Ford provided the vehicle, insurance and one tank of gas for this review

Specifications as tested

0-30: 2.36 Seconds

0-60: 6.42 Seconds

1/4 Mile: 14.95 Seconds @ 91.2 MPH

Average Fuel Economy: 22 MPG over 710 miles

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58 Comments on “Review: 2013 Ford Escape Titanium Take Two (Video)...”


  • avatar
    NormSV650

    That’s actually a few mph behind the 360+ HP Taurus SHO in the 1/4 mile and faster than most V6 Japanese sedans who don’t offer turbo as an option.

    • 0 avatar
      30-mile fetch

      Assuming, of course, that Alex’s methods and numbers are directly comparable to whatever stats you are referencing. Got to be careful about comparing between publications.

      • 0 avatar
        Alex L. Dykes

        This is quite right. I would hesitate to make a comparison until we get an SHO on the drag strip and 0-60 test it with our 10Hz GPS tester.

      • 0 avatar
        DeadWeight

        The new, compact 3840 pound CUV Ford Escape, priced from $20,999 to $39,999; the first compact CUV with an available 240 horsepower ecoboosted motor that can outperform many 25% to 40% lighter 225hp to 310hp “sports cars” from 0-60 and in the 1/4 mile (in a miracle of the laws of physics turned inside out).

        *Fire extinguisher sold separately.

        **Microscope and midget hands to do anything other than add windshield wiper fluid to the more-stuffed-to-the-brim-with-things-than-a-world-class-hoarder’s-basement engine bay sold separately.

        ***Alex Dykes’ reported numbers reported for acceleration and 1/4 mile under severe-skepticism embargo.

        ****Tell the Honda CR-CV and Mazda CX-5 that even if you’re to be had at $22k, if you ain’t pimpin’ your compact cute ute, you ain’t necessary.

      • 0 avatar
        DeadWeight

        p.s. (per my comments below in direct response to Alex’s remarks)– I haven’t done a complete analysis of the historical record, but this may be one of the fastest vehicles, if not THE fastest vehicle, given its power-to-weight ratio, ever tested (again, I haven’t done any formal check of the record).

        This vehicle, when equipped with the 2.0 liter turbo, has 1 horsepower per 16 pounds of vehicle curb weight, for a power to weight ratio of 1:16 lbs. Yet it’s faster to than vehicles having power to weight ratios of 1:12 lbs. Impressive, that.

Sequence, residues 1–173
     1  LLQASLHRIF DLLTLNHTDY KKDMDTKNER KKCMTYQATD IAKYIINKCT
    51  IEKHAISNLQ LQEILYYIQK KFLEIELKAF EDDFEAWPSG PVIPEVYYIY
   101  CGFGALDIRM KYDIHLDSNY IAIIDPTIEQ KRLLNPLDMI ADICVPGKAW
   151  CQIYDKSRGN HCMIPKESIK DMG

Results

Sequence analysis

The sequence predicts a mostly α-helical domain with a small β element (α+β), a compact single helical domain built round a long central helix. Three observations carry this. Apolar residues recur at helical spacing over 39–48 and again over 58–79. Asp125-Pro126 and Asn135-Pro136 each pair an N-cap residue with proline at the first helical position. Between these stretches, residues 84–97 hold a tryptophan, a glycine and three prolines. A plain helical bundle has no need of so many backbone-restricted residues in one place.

• 0 avatar
        DeadWeight

        For those readers unaware, and who may be confused by some of our (the B&B) seemingly incredulous feedback, Alex has only recently revised the 1/4 time, as it was listed @ 100mph+ and around 14 seconds flat, originally.

        The 0-60 time (at least the non-revised one currently still reported) still seems somewhat optimistic given the weight issue mentioned earlier…

        (So, I put this out there to un-confuse those who may have be confused by what would now appear to be many of the readers’ (righteously) indignant remarks throughout the comment section.)

        Then again, the Escape could probably hit those far more optimistic numbers posted initially, because it’s a Ford, after all, and most definitely a true “game changer,” able to defy the laws of physics.

      • 0 avatar
        Turkina

        My entry into the best HP/weight/0-60 CUV competition. 2004 Subaru Forester XT. 210 hp, ~3200-3300 lbs, 0-60 in 5.3 seconds. Of course, times did go down over the years due to added safety, and the gearing sucks for highway mileage :P

      • 0 avatar
        DC Bruce

        In the “being careful” category and also in response to “deadweight” comparisons of expected 0-60 and 1/4 mile times based on a simple power to weight ration really cannot be done if the engines in those cars have wildly different torque curves, usually as the result of one having forced induction and the other not having it.

        The fact that the forced induction engine reaches peak torque at a relatively low rpm and maintains it until peak rpm (and peak hp) is reached will make that engine faster in an acceleration test than most normally aspirated engines of the same peak horsepower. That is because those engines do not develop their peak torque until a much higher rpm, usually not far from the rpm where peak hp is developed.

        There are any number of examples of this out there. One that comes to mind right now is the BMW 3-series with the new base engine “328i”, a 2 liter 4 with forced induction rated at 240 hp. If I recall correctly, that engine propels the current car (“F30″) to 60 mph faster than the lighter, “330i” car of a few years ago with BMW’s 3 liter normally aspirated six, which was rated in that application at 250 h.p.

        Also, in the 0-60 sprint, transmission gearing plays a factor, especially the number of gear changes that are required (although I would think this less a factor for an automatic than for a manual tranny).

    • 0 avatar
      NormSV650

      Thanks for the update Alex.

      Regarding the Subaru Forester, that’s quick. But I betcha I could get a diesel pickup to match the XT and still get similar 20 mpg.

      http://www.subaruforester.org/vbulletin/f107/2004-xt-bad-mpg-78502/

  • avatar
    Chocolatedeath

    Let the Ford Hate Fest Begin..lol

  • avatar
    philadlj

    Ford Escape Titanium Ecoboost?

    Is it just me, or are American model names starting to mirror Japanese model names in length and absurdity?